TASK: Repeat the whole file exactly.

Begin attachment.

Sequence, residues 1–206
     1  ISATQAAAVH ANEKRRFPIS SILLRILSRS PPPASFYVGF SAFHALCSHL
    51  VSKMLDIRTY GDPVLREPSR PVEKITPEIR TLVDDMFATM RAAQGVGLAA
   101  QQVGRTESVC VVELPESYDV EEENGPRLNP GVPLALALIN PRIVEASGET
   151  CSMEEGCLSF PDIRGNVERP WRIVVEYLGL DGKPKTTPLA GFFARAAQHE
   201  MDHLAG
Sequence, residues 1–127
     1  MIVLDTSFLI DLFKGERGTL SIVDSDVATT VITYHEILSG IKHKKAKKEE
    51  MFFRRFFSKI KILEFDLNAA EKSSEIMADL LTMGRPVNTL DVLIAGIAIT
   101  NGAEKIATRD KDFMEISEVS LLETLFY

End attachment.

Sequence, residues 1–206
     1  ISATQAAAVH ANEKRRFPIS SILLRILSRS PPPASFYVGF SAFHALCSHL
    51  VSKMLDIRTY GDPVLREPSR PVEKITPEIR TLVDDMFATM RAAQGVGLAA
   101  QQVGRTESVC VVELPESYDV EEENGPRLNP GVPLALALIN PRIVEASGET
   151  CSMEEGCLSF PDIRGNVERP WRIVVEYLGL DGKPKTTPLA GFFARAAQHE
   201  MDHLAG
Sequence, residues 1–127
     1  MIVLDTSFLI DLFKGERGTL SIVDSDVATT VITYHEILSG IKHKKAKKEE
    51  MFFRRFFSKI KILEFDLNAA EKSSEIMADL LTMGRPVNTL DVLIAGIAIT
   101  NGAEKIATRD KDFMEISEVS LLETLFY